But my problems were not over. On the outside I looked okay, but my insides were squished. I transformed into a bitter guy full of hatred and anger. It was ME against THEM, and I didn’t even know that I had started thinking that way.
In seventh grade, I was the only Asian on my Little League team. Before a playoff game, I was warming up with my teammates, and other team’s ball came down to where we were practicing. As I bent down to pick it up, I heard, “Why don’t you go back to your country, you damn Asian!” Stunned, I looked up and saw a puny white guy, staring at me as if I killed his brother or something. My teammates didn’t say a word. They just stood there. There was dead silence on the field for about five seconds. Then he strutted back to his team.
That day, I played horribly. I struck out all three times and made some bad throws. Coincidentally, my whole team played horribly. It was our biggest loss of the season. My coaches, who didn’t see what happened before the game, were confused. “Come on guys, what’s wrong with you today?” they shouted.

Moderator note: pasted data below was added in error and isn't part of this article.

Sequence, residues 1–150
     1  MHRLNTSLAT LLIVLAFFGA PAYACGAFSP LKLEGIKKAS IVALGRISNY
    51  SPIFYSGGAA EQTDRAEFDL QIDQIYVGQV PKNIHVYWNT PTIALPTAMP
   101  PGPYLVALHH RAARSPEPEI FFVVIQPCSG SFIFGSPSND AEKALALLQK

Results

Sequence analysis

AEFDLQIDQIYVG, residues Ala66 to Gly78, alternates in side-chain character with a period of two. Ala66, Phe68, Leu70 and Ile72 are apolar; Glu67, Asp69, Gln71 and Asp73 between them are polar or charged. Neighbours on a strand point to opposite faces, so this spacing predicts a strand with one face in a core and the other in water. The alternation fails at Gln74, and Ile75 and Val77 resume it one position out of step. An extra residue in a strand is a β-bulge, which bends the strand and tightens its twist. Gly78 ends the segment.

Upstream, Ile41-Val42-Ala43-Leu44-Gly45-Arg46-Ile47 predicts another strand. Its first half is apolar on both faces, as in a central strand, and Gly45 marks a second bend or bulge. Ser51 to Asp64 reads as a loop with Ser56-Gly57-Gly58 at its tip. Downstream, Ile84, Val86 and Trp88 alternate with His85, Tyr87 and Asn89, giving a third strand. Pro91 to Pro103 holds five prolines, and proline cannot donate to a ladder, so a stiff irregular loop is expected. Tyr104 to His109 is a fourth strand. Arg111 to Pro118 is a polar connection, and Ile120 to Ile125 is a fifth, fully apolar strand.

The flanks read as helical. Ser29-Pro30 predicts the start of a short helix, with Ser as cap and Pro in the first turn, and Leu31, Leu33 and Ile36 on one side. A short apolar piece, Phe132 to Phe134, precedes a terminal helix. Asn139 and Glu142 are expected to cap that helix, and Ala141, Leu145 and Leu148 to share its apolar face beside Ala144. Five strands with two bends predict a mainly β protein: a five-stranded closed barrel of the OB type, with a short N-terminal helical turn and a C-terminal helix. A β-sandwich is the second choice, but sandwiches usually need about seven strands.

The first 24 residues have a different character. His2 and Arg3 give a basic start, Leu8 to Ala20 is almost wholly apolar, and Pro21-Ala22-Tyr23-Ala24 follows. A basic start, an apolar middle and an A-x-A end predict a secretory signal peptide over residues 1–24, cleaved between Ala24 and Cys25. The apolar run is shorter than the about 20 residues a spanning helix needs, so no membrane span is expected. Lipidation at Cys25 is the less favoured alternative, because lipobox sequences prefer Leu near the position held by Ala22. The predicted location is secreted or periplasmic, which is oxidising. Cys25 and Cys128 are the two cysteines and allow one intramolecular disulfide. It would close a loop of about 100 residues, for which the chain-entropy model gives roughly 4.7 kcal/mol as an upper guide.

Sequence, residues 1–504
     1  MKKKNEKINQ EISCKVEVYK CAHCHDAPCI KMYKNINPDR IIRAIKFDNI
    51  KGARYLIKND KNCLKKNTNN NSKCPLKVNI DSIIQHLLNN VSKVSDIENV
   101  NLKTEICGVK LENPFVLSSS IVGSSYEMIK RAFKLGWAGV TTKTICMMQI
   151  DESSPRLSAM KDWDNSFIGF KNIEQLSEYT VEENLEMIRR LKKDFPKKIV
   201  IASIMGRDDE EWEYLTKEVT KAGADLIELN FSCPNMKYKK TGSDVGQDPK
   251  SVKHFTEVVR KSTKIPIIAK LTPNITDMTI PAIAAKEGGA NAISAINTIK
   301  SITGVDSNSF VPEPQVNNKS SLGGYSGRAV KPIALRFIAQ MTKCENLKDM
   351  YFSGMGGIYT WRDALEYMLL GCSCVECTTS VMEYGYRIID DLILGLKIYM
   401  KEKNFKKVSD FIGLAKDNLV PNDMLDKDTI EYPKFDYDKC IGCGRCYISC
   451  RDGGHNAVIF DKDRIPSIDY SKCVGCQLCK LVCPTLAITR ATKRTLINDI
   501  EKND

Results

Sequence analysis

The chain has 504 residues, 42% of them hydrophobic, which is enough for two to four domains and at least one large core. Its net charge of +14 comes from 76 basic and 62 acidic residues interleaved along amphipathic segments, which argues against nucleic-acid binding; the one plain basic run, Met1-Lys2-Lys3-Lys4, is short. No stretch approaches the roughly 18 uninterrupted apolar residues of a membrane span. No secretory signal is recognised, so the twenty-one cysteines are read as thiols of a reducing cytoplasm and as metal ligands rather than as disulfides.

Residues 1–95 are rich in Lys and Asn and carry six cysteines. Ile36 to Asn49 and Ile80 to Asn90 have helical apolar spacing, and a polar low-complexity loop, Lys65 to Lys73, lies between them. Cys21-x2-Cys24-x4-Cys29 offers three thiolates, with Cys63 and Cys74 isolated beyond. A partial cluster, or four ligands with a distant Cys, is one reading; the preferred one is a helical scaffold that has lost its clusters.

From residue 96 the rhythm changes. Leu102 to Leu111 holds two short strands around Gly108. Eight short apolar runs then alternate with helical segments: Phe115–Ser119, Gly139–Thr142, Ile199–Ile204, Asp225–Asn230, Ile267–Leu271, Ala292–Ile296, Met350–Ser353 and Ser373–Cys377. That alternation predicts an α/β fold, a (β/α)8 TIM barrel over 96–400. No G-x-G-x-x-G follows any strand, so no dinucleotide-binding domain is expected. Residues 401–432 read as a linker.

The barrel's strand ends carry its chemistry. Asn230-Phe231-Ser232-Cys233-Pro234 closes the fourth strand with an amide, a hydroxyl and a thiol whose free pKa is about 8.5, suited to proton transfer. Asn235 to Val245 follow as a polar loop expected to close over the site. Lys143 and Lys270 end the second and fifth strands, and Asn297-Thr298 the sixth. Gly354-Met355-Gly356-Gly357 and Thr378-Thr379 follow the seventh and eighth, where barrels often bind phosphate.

I was so disappointed with my teammates. I thought I was one of them. They were the first white guys with whom I went to parties. We hung out together, and we were friends—or so I thought. But I realized that they would never accept me.
After that incident, I felt like everybody was looking to make fun of me all the time. If people made fun of my English, I just blew up. For me, America was not a melting pot—it was a boiling pot.